In response to a letter of protest (Document 4) from a teenage girl expressing her disappointment over the committee's ban, the Education Ministry spokesman wrote that in this case it was not a matter of the generation gap between the "square" older people and the youth. It was not an attempt to deny them pleasure, the spokesman wrote, but a real fear of negative phenomena which had accompanied the band's appearances elsewhere.

The Beatles debate made it as far as the High Court of Justice. In April 1965, it ruled that the committee indeed had the authority to ban foreign performers and bands from abroad from performing in Israel.

In February 1966, the Beatles issue even rocked the Knesset. MK Uri Avneri posed a parliamentary question to Deputy Education Minister Aharon Yadlin regarding the committee's reasons for not allowing the Beatles to perform in Israel (Document 5). He explained that the band members, who had also become favorites with members of the British establishment, had even received awards from the Queen.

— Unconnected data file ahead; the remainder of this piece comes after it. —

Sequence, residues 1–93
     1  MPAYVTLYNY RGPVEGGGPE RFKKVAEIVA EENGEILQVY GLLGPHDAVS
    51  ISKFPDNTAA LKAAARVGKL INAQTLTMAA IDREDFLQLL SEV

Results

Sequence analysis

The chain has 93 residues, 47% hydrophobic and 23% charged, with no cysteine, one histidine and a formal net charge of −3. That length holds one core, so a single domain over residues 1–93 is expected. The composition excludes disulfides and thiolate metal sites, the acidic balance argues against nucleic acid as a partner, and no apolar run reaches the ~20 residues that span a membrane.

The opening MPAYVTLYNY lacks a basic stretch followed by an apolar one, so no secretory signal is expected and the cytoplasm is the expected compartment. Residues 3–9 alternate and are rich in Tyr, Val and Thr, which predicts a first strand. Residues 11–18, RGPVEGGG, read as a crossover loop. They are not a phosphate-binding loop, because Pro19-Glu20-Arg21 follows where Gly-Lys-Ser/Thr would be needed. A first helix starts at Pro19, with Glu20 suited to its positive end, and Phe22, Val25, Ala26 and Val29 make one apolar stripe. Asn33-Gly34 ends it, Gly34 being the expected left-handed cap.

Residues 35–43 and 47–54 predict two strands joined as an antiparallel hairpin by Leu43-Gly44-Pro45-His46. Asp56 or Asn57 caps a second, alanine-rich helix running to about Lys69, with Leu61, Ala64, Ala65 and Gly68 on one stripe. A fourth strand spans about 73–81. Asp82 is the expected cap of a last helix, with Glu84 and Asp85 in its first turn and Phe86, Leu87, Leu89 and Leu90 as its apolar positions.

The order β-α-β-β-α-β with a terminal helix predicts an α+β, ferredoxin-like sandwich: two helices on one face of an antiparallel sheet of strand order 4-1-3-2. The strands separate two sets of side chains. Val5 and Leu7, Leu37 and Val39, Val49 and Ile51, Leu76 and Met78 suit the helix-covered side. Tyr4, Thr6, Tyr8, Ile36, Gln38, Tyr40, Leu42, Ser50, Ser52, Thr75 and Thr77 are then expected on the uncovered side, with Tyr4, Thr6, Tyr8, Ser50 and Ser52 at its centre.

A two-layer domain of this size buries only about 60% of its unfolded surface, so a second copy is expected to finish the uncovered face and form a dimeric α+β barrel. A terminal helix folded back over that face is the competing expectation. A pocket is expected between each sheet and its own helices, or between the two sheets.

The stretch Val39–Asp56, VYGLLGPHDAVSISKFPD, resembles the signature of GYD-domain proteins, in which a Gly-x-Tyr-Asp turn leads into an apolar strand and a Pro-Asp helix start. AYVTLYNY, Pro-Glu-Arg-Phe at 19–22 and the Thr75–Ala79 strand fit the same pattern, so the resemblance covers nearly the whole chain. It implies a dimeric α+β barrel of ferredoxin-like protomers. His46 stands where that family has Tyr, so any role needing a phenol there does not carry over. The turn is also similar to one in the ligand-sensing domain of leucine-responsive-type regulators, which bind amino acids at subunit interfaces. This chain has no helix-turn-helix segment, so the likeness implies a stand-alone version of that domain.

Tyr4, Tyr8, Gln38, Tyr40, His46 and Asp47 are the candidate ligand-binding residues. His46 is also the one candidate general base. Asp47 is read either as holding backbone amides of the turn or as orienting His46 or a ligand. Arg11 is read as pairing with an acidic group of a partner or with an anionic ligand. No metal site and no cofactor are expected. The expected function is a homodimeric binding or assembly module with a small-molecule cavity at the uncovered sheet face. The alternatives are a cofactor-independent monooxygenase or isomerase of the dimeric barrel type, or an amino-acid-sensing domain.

In his response, Yadlin too noted the band's low artistic level. "From an artistic standpoint, this group of singers has no real value," he said, adding that the mass hysteria that broke out when they appeared would require the call-up of many police. He concluded by noting that Beatles performances in other parts of the world ended in brawls, sending some people to the hospital.

The dispute over The Beatles reflects how the band was perceived by the Israeli establishment. The committee, as a representative body of that establishment, expressed in its decision its fear of foreign influence and the undermining of Israeli youth's values.

In the end, however, the Israeli government saw the error of its ways. At a ceremony at The Beatles Museum in Liverpool in January 2008, Israeli Ambassador to the UK Ron Prosor met with John Lennon's sister, Julia Baird, and presented her with an official letter, YNet reported. The letter read: "There is no doubt that it was a great missed opportunity to prevent people like you, who shaped the minds of the generation, to come to Israel and perform before the young generation in Israel who admired you and continues to admire you."